Britain to renationalize East Coast rail line as Stagecoach overestimates profit

  • Britain to renationalize East Coast rail line as Stagecoach overestimates profit

Britain to renationalize East Coast rail line as Stagecoach overestimates profit

The public transport operator said the UK Department for Transport has chose to appoint "Operator of Last Resort" for the East Coast train service and is "no longer considering" entering into a new franchise contract due to heavy losses incurred by Stagecoach and Virgin.

East Coast staff will transfer to a new company, London and North Eastern Railway or LNER, which will initially be overseen by "last resort" advisers comprising engineering firm Arup Group and accountants Ernst & Young, recruited earlier as potential emergency operators for failed franchises.

Trains will be run by the Department for Transport through an operator of last resort.

Transport Secretary Chris Grayling told the House of Commons this afternoon that no decision had yet been taken on the future of the Great Northern franchise, but that Great Northern services coming out of London King's Cross might be merged into LNER.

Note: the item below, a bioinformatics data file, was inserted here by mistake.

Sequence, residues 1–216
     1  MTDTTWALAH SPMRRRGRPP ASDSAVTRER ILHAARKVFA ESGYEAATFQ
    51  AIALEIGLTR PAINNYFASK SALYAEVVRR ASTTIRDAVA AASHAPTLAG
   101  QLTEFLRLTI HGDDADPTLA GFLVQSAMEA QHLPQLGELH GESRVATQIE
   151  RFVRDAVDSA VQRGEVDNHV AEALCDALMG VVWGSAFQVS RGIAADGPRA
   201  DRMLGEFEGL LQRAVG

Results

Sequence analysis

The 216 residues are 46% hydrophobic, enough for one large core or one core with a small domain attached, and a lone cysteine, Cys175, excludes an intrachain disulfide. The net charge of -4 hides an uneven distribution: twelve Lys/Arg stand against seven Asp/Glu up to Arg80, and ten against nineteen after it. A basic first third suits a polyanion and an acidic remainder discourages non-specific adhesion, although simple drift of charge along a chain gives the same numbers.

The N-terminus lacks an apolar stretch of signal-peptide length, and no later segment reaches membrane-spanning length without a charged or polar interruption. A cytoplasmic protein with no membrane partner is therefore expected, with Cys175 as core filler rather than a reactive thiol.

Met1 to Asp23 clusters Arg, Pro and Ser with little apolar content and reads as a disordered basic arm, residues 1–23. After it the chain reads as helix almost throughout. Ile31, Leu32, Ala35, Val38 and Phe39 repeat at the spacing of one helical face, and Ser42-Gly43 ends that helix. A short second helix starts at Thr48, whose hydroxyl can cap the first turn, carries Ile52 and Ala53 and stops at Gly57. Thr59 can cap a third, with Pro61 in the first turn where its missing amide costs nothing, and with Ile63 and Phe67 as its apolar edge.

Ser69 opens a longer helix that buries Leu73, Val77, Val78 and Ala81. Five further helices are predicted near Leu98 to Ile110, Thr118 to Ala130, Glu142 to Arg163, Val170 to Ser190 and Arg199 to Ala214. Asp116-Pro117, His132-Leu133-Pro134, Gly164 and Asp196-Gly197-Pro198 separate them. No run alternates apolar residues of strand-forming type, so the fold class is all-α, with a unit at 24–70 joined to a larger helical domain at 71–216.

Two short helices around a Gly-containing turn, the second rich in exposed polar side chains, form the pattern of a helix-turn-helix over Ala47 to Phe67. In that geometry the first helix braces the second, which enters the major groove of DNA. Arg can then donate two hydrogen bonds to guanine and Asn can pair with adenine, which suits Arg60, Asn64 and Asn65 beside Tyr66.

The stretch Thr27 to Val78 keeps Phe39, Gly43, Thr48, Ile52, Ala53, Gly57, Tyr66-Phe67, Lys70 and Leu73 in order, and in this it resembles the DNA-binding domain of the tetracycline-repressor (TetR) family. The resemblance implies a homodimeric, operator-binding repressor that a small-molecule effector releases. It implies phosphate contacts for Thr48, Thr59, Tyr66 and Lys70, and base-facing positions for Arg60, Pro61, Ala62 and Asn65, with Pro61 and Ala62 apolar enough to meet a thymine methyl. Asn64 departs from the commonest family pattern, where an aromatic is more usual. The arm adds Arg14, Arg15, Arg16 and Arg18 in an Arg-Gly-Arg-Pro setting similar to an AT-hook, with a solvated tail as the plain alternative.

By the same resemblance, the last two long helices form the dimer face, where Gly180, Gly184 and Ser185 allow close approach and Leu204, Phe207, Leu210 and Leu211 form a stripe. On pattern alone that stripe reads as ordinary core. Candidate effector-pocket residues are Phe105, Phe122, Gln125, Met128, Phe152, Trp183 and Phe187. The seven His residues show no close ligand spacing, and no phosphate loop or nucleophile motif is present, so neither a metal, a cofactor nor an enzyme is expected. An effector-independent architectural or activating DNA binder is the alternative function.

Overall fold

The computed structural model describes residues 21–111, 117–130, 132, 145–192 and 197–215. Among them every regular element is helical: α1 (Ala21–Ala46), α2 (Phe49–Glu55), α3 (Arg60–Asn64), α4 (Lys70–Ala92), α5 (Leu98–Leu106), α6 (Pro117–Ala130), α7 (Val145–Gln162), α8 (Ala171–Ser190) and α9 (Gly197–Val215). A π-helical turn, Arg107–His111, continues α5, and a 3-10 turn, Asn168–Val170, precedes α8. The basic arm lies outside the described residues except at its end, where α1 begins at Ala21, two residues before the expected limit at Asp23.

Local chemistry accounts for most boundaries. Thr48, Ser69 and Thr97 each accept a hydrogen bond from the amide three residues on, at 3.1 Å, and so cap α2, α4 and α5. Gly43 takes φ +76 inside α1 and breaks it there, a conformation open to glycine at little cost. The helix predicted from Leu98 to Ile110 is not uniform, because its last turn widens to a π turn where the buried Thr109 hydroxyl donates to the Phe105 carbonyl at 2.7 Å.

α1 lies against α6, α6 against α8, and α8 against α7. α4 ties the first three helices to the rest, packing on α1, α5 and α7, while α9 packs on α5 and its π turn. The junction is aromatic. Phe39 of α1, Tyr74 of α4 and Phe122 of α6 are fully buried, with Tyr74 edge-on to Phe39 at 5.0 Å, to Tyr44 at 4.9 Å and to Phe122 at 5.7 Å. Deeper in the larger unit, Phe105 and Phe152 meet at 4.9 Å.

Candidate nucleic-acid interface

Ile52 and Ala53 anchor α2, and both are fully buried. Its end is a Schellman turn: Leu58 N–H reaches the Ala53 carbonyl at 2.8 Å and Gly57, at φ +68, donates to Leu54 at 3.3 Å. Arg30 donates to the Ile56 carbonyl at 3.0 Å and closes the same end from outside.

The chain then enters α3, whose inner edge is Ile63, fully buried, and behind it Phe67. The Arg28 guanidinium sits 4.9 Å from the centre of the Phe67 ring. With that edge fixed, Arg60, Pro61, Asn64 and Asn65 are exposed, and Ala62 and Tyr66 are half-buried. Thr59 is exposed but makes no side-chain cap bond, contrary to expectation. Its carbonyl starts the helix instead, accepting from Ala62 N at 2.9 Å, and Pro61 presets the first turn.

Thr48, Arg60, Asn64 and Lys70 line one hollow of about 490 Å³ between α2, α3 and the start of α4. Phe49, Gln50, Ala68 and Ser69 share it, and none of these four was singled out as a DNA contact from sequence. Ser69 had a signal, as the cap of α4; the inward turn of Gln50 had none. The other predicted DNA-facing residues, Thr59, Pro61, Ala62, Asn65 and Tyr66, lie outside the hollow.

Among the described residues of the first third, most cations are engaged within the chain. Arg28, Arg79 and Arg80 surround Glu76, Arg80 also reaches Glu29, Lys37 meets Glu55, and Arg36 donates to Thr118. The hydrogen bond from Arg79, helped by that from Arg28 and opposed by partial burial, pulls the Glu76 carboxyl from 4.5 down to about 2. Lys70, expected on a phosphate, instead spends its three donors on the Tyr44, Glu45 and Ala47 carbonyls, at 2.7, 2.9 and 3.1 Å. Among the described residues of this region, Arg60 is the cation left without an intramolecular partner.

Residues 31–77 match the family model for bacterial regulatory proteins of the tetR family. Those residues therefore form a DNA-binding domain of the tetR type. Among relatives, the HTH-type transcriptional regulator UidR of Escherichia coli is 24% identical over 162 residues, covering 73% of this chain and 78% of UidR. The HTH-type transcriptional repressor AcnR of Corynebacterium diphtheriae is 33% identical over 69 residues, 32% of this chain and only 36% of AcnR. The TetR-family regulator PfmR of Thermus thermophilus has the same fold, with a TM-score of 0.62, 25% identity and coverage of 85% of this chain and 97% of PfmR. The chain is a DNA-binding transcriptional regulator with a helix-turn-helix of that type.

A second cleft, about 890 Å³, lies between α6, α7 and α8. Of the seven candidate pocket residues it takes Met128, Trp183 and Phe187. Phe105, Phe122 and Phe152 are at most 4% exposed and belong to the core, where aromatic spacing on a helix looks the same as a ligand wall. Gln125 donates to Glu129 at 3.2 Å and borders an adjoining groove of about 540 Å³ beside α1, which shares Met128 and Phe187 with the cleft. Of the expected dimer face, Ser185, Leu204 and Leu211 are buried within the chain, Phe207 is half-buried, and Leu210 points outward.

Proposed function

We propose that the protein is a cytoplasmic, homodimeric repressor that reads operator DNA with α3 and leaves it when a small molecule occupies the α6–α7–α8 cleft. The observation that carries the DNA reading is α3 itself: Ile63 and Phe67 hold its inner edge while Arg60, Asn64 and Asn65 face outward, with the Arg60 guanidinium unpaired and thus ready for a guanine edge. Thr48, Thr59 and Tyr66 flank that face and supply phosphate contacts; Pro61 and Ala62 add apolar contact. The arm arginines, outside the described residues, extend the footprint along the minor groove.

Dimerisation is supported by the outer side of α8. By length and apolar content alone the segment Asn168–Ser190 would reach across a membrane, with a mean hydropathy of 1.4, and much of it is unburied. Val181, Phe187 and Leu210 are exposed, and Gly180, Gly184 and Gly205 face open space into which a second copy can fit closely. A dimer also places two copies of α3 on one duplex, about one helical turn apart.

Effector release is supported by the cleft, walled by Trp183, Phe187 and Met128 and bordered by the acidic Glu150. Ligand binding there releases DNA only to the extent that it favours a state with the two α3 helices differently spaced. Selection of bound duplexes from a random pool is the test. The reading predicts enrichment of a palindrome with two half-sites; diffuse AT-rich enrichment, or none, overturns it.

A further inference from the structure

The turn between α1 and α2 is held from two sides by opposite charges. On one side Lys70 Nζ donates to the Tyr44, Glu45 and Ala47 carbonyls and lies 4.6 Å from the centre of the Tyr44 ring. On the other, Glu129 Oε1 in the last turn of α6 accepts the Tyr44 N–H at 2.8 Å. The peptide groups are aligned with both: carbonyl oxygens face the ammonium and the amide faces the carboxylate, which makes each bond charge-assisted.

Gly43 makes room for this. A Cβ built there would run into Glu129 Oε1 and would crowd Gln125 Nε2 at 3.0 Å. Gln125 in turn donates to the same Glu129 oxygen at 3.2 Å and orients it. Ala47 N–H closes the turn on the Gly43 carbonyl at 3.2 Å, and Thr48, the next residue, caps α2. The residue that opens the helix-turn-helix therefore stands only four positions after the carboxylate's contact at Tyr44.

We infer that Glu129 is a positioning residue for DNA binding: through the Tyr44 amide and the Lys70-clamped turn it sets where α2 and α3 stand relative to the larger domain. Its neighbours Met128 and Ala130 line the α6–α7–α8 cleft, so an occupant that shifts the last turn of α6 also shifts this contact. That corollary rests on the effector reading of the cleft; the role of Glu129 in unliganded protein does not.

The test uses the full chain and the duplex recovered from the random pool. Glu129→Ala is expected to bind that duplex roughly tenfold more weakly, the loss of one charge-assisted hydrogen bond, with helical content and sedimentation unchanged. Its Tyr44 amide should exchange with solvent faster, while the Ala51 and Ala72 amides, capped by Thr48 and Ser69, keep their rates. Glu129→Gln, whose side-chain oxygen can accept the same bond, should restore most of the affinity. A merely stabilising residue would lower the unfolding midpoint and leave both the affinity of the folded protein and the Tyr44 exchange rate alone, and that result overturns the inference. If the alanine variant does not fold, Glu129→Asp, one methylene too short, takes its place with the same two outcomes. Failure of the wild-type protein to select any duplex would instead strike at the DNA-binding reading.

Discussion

Stagecoach owns 90 percent of the East Coast franchise alongside Virgin.

ECML has been negotiating a new direct award franchise with the department but now understands that the secretary of state for transport is "no longer considering entering into a new franchise" with East Coast Mainline, Stagecoach said in a statement.

Stagecoach reported losses on the line and in November previous year Mr Grayling announced that the franchise would be terminated in 2020 to enable it to become a public-private railway.

I will terminate Virgin Trains East Coast's contract on June 24 2018.

Former transport minister Lord Adonis labelled the government's decision a "bailout" for the companies that would cost the taxpayer billions of pounds.

Passenger and freight rail services in Britain were privatized in the 1990s when routes were grouped into franchises and operators bid to run services for a set number of years.

Stagecoach chief executive Martin Griffiths said he was "surprised and disappointed". During that time, we have attracted more passengers, greatly increased investment, achieved industry leading customer satisfaction and made significant payments to the taxpayer to reinvest in public services. The company also has already funded its full GBP165 million loan commitment to the East Coast franchise.